By Pat Gilbert
There are few situations more difficult for a church executive or administrator than having to dismiss an employee. The multi-step process recommended in many publications is time-consuming and may not be the best fit for your particular circumstances.
Because your church may not pay the unemployment tax, your employees may not have the same access to unemployment compensation as employees in secular occupations. Therefore, the impact of any church termination can be much more serious and traumatic. In general, there are at least four very different situations that may require dismissal of an employee and they each call for different approaches.
1. Serious infractions: This is often referred to as dismissal “for cause.” Behaviors such as theft or deliberate damage to church property, threatened or actual physical assault, falsification of payroll or other financial records, intoxication on the job and other illegal or dangerous activities call for immediate termination of the offending employee. These circumstances should be spelled out in your employee manual.
While you will not discuss the circumstances with other employees, some may already be aware and it’s important that they see that the behavior will not be tolerated. No severance pay should be offered. If there are any employment contracts, especially for pastoral staff, the contracts should specify the conditions “for cause,” the process for dismissal and severance considerations. Such contracts take precedence over the employee manual.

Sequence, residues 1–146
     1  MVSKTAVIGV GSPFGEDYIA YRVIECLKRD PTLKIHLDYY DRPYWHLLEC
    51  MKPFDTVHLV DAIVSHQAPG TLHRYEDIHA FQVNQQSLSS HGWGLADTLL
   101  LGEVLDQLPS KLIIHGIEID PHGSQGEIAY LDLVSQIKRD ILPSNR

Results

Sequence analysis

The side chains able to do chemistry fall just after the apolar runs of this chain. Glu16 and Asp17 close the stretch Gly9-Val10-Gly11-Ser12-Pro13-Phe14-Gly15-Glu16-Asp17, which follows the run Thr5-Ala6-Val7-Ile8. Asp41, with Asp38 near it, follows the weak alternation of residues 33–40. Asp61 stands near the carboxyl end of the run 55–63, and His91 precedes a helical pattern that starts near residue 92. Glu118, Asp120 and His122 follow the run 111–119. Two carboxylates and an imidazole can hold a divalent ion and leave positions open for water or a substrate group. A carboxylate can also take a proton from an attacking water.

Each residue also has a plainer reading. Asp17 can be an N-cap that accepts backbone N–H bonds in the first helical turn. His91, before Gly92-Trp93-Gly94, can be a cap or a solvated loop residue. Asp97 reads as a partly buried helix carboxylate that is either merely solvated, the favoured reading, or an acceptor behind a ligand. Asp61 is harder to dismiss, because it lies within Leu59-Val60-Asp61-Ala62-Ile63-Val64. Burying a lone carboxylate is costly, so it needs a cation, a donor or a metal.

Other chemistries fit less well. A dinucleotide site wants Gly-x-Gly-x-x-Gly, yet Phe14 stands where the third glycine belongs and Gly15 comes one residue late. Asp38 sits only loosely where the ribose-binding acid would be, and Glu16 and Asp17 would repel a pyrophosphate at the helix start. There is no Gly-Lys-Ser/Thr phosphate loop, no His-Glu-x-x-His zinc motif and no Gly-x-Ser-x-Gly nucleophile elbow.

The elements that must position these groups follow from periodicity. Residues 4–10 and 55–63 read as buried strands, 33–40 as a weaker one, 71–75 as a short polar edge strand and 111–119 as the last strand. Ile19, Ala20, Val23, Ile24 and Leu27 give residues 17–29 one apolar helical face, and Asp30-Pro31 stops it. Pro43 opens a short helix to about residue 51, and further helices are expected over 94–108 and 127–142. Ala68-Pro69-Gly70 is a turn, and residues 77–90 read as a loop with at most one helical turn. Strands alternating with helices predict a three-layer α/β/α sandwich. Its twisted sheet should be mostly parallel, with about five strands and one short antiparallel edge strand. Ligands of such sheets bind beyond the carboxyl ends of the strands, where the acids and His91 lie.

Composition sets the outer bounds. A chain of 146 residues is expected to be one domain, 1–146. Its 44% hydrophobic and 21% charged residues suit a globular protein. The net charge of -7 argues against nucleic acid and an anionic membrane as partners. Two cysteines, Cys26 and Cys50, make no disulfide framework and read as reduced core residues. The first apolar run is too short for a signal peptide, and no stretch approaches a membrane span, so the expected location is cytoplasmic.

2. Behaviors incompatible with the teachings of your church: These circumstances are especially sensitive. While most employers require their employees to uphold the values of the organization, the values of a church can be substantially different from those of secular employers and may have legal implications in your state. If this is a possible issue for your church, it is best handled by having a covenant of behavior signed as a condition of employment. This covenant should be reviewed by an attorney to ensure it complies with the laws of your state.
A defined process of pastoral counseling is advisable before any termination, allowing for the possibility of a commitment to change the behavior. Repentance and restoration should always be the goal of church discipline. During the time allowed for the counseling process the employee has a choice to change behavior or seek other employment. If there is no change, termination may be inevitable. If severance is provided in these circumstances, it should be done consistently.
3. Inadequate job performance: The multi-step process of verbal and written warning followed by probation and ultimately dismissal is specifically designed for performance issues. It is unfair to expect an employee to live up to unclear expectations, so it’s important that the employee be provided with a job description and clear performance goals well in advance of any performance evaluation. If performance fails to measure up to documented standards a performance improvement plan should be designed and reviewed with the employee and provide measurable targets.